550 mL bottle
Price: $ 3.95
Sugar Content : 4
Made in: England, United Kingdom
By: Samuel Smith Old Brewery
In 2008, I was very random in my Beer of the Week. Whatever struck my fancy when I went into the good ole LCBO was what I tried. Over the holidays, though, I found many beers that I wanted to try and now have an inventory of them (I'm an old warehouseman so know how to handle inventory).
So for 2009, I plan to feature an import one week and a Canadian brew the next. As always, I will do my research and write my blog right up to the point where I taste the brew and then continue to write from that point.
To start the new year, I decided to go with Samuel Smith's Imperial Stout, which I purchased just after Christmas. I enjoy stouts and starting the year sampling one from a centuries old brewery certainly appealed to me.
Samual Smith remains "fiercely"independent and has been in operation since 1758 in Tadcaster and is Yorkshire's oldest brewery. It draws its water from an 85 foot deep well which was dug the same year. The strain of yeast they use to ferment their beer was developed in the early 1900's. Even the method they use to brew their stout dates back over 200 years.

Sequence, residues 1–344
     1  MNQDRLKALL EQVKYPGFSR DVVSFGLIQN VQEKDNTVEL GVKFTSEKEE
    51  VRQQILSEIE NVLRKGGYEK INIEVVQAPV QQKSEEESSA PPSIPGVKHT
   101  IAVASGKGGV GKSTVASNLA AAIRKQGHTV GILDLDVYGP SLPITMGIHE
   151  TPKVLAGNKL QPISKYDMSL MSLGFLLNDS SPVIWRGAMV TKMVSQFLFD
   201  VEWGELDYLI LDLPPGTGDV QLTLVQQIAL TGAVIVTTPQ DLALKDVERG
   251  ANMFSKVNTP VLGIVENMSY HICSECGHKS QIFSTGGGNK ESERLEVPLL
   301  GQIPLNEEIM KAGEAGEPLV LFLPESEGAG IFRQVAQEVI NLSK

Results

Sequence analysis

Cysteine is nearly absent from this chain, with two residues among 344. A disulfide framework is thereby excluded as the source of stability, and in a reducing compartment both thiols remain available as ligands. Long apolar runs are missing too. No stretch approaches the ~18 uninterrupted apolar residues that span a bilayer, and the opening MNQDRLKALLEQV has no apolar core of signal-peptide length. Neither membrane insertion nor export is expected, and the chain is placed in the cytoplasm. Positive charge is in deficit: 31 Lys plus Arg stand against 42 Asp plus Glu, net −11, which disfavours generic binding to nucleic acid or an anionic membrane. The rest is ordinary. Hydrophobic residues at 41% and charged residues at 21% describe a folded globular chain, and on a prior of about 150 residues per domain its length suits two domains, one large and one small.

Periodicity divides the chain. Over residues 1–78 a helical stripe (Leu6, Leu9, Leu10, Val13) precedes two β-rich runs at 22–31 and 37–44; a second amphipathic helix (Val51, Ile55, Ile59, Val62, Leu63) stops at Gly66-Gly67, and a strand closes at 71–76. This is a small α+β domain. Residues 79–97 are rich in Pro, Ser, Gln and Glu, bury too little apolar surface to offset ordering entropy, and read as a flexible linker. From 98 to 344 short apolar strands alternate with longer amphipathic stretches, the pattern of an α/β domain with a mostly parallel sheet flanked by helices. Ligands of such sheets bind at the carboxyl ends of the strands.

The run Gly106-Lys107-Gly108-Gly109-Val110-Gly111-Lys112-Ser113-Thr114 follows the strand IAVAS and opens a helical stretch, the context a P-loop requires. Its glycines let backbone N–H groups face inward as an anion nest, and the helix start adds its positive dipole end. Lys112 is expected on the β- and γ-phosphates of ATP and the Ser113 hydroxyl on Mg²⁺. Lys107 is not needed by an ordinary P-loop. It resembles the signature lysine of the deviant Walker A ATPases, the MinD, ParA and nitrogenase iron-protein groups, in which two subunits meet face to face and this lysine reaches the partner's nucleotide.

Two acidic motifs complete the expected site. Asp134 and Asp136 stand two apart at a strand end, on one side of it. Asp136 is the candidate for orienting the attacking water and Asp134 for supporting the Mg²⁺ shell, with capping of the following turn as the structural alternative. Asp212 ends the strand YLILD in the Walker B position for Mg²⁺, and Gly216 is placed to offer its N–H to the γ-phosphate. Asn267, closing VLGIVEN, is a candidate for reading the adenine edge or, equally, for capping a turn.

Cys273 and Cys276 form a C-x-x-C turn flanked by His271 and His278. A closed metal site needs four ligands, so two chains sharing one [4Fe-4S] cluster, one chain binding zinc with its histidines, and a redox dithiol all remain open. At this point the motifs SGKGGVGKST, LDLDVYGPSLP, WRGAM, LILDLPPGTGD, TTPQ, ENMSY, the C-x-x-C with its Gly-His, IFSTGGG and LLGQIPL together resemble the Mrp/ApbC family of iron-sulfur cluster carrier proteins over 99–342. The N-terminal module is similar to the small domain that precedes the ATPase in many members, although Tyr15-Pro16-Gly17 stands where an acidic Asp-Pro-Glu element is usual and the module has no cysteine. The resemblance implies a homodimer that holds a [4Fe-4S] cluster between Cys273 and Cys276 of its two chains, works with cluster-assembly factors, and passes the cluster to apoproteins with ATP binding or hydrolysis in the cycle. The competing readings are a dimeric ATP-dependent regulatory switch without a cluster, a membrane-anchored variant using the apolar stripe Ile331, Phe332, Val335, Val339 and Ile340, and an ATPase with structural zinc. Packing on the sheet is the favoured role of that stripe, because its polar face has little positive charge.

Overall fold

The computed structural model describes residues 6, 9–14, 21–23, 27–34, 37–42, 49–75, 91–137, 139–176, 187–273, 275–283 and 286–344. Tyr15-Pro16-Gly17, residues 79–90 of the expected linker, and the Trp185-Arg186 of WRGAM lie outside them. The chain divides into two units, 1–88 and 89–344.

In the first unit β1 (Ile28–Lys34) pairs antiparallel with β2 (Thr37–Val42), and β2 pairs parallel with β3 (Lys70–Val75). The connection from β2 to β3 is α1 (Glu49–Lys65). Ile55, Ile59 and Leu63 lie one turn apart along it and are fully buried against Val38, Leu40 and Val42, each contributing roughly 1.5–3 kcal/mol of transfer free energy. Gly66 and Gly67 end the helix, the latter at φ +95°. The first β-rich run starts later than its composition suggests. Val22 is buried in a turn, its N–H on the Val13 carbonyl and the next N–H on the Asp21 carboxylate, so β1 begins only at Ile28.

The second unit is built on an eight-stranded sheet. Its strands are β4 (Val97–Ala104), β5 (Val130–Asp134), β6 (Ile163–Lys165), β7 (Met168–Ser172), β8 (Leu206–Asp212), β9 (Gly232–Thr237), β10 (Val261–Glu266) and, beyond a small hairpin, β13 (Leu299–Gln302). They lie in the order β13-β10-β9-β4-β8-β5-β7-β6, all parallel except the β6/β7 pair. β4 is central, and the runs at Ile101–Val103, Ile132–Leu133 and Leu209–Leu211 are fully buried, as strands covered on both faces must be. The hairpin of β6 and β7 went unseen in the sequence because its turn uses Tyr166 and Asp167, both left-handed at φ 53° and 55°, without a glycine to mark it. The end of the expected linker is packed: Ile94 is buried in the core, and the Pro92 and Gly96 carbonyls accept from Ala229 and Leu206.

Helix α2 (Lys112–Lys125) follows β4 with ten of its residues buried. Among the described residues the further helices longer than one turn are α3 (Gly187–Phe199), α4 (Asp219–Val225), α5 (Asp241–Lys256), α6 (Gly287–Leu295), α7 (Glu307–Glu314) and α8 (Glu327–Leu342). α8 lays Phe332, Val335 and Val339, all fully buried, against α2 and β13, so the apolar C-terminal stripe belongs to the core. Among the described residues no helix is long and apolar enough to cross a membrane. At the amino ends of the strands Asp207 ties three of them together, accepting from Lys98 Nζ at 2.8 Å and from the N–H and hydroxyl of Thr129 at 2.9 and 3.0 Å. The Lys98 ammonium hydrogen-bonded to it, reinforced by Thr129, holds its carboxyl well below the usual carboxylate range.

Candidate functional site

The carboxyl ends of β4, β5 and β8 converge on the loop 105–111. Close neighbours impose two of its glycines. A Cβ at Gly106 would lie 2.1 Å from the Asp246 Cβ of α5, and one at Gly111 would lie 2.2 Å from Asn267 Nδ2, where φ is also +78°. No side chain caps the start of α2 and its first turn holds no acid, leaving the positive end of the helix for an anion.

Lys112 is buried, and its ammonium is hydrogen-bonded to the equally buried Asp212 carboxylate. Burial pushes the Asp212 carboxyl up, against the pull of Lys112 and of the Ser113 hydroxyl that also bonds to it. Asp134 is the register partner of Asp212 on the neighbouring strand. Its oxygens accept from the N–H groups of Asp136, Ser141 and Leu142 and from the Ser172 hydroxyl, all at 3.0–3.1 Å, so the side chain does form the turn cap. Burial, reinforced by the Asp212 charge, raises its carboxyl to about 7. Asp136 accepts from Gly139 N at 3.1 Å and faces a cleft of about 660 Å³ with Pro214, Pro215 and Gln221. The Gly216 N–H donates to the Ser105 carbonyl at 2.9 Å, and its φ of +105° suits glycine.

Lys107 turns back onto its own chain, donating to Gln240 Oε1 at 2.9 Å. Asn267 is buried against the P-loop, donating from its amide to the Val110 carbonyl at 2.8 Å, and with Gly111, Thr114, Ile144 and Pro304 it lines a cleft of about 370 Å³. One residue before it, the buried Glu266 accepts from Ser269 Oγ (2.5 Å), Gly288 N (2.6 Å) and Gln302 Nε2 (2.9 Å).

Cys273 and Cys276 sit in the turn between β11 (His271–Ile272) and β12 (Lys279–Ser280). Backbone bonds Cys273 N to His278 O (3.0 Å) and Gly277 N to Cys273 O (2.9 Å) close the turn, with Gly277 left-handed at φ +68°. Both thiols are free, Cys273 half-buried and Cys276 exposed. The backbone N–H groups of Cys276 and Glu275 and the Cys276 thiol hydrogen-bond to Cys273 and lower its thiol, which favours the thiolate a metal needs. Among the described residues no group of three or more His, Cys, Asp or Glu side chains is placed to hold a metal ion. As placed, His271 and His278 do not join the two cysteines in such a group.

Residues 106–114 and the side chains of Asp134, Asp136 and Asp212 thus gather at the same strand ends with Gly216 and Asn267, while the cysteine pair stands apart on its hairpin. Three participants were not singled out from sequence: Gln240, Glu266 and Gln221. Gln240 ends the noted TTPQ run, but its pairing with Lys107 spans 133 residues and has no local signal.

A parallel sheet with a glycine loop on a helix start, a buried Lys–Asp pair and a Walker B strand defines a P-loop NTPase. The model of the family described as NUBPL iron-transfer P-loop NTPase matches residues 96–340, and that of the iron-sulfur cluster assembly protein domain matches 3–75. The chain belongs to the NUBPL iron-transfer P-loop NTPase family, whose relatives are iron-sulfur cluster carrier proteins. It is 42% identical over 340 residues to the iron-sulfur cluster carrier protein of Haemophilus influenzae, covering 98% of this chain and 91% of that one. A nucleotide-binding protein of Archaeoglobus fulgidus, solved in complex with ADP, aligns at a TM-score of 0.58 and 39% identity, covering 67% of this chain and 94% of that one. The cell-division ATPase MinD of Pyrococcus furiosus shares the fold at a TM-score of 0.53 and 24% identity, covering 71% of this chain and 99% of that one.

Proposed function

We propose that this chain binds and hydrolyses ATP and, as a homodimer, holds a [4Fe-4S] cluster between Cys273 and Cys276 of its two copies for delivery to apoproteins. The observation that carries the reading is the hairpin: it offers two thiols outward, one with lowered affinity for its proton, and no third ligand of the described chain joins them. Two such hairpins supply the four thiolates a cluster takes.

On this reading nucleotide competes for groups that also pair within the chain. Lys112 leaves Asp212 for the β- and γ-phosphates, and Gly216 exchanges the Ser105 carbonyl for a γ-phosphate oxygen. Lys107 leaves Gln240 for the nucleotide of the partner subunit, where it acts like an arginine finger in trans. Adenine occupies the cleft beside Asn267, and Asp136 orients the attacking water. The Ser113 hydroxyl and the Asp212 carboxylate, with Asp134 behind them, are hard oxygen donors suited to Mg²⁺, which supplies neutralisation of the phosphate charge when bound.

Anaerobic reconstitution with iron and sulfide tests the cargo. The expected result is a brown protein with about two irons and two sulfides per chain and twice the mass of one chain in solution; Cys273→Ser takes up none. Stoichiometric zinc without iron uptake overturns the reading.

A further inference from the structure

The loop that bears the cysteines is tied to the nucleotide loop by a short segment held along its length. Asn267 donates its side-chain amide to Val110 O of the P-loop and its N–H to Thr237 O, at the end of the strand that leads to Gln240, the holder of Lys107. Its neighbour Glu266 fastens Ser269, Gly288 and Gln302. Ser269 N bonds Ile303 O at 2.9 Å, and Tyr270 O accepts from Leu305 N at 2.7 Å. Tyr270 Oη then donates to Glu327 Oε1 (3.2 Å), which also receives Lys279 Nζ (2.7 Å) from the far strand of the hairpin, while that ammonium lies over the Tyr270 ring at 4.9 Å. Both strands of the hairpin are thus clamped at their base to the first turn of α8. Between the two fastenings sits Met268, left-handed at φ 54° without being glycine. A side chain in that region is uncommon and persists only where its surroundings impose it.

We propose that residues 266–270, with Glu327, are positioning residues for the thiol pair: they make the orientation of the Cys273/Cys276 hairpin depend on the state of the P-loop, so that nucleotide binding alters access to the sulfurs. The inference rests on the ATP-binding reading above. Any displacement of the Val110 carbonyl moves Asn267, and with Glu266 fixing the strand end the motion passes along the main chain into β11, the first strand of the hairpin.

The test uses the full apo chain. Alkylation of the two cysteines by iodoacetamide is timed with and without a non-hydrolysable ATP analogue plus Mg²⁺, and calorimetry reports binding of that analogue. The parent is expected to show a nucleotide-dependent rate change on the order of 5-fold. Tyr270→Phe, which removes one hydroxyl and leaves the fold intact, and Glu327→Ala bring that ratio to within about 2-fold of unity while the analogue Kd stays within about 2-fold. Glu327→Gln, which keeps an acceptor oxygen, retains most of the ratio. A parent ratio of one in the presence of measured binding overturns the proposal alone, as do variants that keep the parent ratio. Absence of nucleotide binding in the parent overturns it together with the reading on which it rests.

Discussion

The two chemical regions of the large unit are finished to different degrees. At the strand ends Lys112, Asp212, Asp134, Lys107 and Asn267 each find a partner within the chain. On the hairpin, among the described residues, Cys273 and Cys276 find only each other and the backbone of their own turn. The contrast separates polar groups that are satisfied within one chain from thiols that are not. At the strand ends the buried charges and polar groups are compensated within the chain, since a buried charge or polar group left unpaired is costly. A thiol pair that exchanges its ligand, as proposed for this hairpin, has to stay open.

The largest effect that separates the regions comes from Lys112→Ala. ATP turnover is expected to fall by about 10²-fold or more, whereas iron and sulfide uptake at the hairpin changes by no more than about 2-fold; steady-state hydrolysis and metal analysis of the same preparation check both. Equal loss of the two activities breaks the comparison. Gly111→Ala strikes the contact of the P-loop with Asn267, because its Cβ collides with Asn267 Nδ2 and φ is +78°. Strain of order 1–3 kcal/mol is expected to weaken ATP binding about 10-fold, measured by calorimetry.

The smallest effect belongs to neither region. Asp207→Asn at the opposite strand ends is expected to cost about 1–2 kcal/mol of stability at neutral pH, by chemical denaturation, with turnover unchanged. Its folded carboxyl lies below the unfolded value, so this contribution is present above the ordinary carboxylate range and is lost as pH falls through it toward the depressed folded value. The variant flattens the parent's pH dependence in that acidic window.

It is called the Yorkshire Square system and Samuel Smith is one of the very few breweries in the world to still use this system. Although modern methods could be used, Samual Smith's spokesman claims the old system adds "complexity and full-flavoured character to the beers".
In short, the system uses two square stone tanks, one placed on top of the other. As the beer ferments, it bubbles up from the lower tank to the top tank. This helps to aerate the mix and filter off the dead yeast. The process takes six days to complete.
One final quaint historical tradition of the brewery is that its local deliveries are made by grey Shire horses which they keep at a stable at the brewery. They also have a pub attached to the property called the Angel and White Horse Inn. I'd love to go to Tadcaster one day to experience this.
What is Imperial Stout? It was originally brewed in Great Britain for sale to the Czarist courts in the old Tsarist Russian Empire. It was brewed stronger to survive the harsh cold transport to Russia and is usually 7% alcohol or better.
Now to the taste.
It pours a deep, dark brown; in fact, it is almost black.
The taste is very smooth and very creamy. There is a slight bitterness to the finish and a long favorable lingering aftertaste.
This is a stout that I feel can stand up to any stout in the world. I know that's quite a claim but that's how much I am enjoying it. I like the size of the bottle, the old style label, the historical method of brewing this brew and, most importantly, the taste.
I will be drinking this again in the future, either here at home or hopefully one day in an old pub in Tadcaster, Yorkshire England.